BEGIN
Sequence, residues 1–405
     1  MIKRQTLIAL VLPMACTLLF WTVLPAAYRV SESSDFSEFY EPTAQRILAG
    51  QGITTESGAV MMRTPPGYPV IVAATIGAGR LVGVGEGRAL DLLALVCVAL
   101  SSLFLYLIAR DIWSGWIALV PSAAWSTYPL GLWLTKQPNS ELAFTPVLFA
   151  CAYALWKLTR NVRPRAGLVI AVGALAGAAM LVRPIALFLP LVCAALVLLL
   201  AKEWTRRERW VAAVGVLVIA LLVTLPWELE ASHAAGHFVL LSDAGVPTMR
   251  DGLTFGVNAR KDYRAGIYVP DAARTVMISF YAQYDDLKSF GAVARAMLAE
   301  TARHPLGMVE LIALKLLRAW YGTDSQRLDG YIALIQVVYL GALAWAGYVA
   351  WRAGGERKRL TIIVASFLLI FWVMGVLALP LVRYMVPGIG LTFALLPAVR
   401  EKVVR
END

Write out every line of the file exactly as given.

Sequence, residues 1–405
     1  MIKRQTLIAL VLPMACTLLF WTVLPAAYRV SESSDFSEFY EPTAQRILAG
    51  QGITTESGAV MMRTPPGYPV IVAATIGAGR LVGVGEGRAL DLLALVCVAL
   101  SSLFLYLIAR DIWSGWIALV PSAAWSTYPL GLWLTKQPNS ELAFTPVLFA
   151  CAYALWKLTR NVRPRAGLVI AVGALAGAAM LVRPIALFLP LVCAALVLLL
   201  AKEWTRRERW VAAVGVLVIA LLVTLPWELE ASHAAGHFVL LSDAGVPTMR
   251  DGLTFGVNAR KDYRAGIYVP DAARTVMISF YAQYDDLKSF GAVARAMLAE
   301  TARHPLGMVE LIALKLLRAW YGTDSQRLDG YIALIQVVYL GALAWAGYVA
   351  WRAGGERKRL TIIVASFLLI FWVMGVLALP LVRYMVPGIG LTFALLPAVR
   401  EKVVR